Knitting identities: creativity and community amongst women hand knitters in Edinburgh
Lampitt Adey, Katherine Mary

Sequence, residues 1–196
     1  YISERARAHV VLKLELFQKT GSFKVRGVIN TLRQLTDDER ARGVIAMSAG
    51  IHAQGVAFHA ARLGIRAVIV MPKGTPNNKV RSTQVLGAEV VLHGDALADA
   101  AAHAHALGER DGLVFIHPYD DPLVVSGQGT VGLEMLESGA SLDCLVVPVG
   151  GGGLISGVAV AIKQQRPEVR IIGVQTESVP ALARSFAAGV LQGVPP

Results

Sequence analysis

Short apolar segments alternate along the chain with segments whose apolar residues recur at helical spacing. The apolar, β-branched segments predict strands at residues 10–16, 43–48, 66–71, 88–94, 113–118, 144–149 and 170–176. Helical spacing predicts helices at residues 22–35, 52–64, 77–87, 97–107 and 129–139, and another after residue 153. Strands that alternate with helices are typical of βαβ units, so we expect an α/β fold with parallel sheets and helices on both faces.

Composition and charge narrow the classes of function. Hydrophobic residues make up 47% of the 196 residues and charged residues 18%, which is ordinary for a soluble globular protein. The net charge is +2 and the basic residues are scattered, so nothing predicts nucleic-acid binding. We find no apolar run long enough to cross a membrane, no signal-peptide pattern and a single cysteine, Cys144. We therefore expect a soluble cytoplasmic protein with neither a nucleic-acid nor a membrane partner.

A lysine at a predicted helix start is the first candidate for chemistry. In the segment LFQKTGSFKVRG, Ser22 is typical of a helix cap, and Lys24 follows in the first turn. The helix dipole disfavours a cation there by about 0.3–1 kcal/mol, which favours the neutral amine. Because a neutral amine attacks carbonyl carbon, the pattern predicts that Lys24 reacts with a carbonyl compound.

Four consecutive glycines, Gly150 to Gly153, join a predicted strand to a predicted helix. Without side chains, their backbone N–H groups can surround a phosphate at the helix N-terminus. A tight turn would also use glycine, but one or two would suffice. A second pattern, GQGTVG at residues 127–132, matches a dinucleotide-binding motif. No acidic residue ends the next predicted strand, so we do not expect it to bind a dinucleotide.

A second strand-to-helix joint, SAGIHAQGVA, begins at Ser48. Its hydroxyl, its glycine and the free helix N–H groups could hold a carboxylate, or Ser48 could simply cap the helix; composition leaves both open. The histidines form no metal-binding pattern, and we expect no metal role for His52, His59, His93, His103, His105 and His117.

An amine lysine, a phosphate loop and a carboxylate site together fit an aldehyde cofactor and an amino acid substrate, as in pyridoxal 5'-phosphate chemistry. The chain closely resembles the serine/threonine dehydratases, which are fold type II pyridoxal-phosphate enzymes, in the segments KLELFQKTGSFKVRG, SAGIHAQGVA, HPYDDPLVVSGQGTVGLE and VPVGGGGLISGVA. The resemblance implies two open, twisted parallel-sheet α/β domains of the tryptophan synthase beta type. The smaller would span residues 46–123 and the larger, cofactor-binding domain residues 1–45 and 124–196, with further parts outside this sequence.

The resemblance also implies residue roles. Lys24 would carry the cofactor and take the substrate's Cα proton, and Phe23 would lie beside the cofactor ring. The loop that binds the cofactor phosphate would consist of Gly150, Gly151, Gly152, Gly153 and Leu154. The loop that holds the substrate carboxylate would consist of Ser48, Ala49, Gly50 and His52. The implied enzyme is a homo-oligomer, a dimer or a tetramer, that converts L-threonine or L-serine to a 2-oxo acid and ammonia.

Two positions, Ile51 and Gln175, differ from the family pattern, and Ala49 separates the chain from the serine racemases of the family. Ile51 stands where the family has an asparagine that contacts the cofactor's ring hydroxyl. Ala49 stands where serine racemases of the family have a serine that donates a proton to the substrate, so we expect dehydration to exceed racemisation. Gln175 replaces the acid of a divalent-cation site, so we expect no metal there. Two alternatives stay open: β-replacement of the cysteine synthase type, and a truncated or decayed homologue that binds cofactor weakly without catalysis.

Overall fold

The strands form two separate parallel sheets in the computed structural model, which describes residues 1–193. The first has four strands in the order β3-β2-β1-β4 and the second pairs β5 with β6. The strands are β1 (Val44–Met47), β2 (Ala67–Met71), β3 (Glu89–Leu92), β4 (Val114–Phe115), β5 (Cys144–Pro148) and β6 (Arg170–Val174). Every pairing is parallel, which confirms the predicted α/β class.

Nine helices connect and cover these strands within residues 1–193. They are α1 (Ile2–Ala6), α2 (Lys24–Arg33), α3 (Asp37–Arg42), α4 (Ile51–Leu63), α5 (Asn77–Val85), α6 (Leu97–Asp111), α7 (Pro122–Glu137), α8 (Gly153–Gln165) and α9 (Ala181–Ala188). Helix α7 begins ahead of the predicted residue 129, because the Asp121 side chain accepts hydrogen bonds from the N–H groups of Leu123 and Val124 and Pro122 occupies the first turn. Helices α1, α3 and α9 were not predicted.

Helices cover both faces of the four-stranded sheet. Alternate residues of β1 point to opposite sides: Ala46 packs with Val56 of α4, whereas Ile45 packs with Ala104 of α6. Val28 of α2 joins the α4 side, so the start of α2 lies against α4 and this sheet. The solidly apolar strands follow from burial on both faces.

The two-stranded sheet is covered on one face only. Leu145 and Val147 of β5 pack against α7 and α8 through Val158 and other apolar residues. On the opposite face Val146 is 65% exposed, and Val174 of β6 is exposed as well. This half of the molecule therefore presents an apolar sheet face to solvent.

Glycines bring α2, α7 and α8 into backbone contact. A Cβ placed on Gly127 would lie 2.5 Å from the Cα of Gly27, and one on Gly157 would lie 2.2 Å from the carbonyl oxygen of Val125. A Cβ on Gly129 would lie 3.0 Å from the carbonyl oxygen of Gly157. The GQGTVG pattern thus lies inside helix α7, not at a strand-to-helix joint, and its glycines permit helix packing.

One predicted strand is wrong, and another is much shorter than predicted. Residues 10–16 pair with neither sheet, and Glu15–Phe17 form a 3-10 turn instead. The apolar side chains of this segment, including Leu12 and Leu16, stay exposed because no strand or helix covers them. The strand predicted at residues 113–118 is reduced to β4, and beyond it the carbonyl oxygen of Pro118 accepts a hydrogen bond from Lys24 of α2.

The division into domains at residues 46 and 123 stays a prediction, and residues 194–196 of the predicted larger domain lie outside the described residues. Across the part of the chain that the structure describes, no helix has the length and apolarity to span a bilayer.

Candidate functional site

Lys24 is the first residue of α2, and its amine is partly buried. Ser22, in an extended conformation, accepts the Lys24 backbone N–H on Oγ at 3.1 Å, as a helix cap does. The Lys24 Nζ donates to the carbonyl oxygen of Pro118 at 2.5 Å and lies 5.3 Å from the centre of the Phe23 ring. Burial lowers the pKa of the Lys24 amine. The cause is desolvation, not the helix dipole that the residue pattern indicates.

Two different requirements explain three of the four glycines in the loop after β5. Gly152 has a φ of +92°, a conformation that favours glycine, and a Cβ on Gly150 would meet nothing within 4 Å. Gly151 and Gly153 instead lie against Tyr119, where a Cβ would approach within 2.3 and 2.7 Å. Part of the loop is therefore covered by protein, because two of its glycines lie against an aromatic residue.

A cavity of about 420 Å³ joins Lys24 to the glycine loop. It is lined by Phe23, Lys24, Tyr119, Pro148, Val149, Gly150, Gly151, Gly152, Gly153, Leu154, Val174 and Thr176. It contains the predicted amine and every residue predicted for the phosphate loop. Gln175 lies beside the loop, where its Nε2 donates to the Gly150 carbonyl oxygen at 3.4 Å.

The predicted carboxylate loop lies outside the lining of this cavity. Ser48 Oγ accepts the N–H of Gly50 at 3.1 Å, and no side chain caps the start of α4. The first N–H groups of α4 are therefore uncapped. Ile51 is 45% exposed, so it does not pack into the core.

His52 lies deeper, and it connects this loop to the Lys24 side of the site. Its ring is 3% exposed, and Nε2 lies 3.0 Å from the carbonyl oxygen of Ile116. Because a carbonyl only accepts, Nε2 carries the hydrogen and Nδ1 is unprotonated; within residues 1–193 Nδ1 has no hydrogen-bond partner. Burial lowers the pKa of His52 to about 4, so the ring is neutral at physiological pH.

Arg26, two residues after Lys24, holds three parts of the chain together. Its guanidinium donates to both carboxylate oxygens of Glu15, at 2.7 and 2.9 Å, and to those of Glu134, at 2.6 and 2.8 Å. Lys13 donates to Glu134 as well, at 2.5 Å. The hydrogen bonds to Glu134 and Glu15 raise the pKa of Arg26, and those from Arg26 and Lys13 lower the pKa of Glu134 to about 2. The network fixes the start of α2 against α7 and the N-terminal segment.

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This thesis explores how women form, perceive and communicate their sense of identity by hand knitting for leisure. Leisure, defined here as time outside of work or caring responsibilities, was selected as the focus of this research because women have some choice over how they spend this time and express themselves. Writing on contemporary knitting has tended to frame knitting within political, artistic or commercial contexts (such as Black, 2005, 2012 and Elliot, 2015). This leaves a gap in our understanding of why women who knit for leisure do so. This is partially addressed by recent empirical research (for example Fields, 2014) that has studied social processes within knitting groups. However, research has devoted less attention to the wider motivations of women who knit alone or in groups. This is important if we consider that identity formation happens in a broader context, and may involve a constant interaction with people (Jenkins, 2004), objects and ideas, as is suggested by the findings of this study. The research employs a qualitative approach based on Charmaz’s (2006) grounded theory by way of a staged design which aims to respond to the data and minimise the influence of preconceived ideas. This aim is particularly important given the historical and contemporary stereotypes associated with knitting, and my own background as a textile historian and maker. Application of social research methods also aims to further develop the role played by empirical research in the area of textile scholarship. Data was collected in three stages; a pilot study, questionnaires with women textile bloggers and the main research stage which consisted of semi-structured interviews with knitters living in Edinburgh. Interviewees were contacted by volunteer and snowball sampling. Content analysis was supported by QSR*NVivo and involved descriptive and theoretical coding in order to identify themes in the data. Analysis suggests knitting provides immediate social interaction and support. This could be associated with Jenkins’ (2004) proposition that identity is formed by ongoing social interaction. However, there is another dimension here as knitting also enables the solitary knitter to access interactions with ideas and other people through objects and the personal memories held within them as well as through online communities. Three key findings are that knitting presents a way to be creative, productive and social. Firstly, respondents describe knitting as a balance between challenge and perceived ability, as might be described as ‘flow’ (Csikszentmihalyi, 2002 ). Secondly, this meets a need for a leisure activity that produces a tangible manifestation of effort and skill. However, the process of knitting is also seen to be as important, if not more so, than the final product. This insight reinforces the usefulness of empirical study of the experience of making textiles, and reveals additional data than studying only the final object. Thirdly, knitting is presented as a means to access meaningful social interactions and a sense of belonging to a community whether or not the knitter is a member of a knitting group. Such interactions might be online or provide a sense of continuity with previous generations of knitters in their families or women in general. Knitters see this as a way of building social capital and support. Overall, findings suggest that identity formation and communication should be seen as a complex process that does not only involve direct social interactions but interaction with the idea of other knitters, past and present, and the practical experience of making.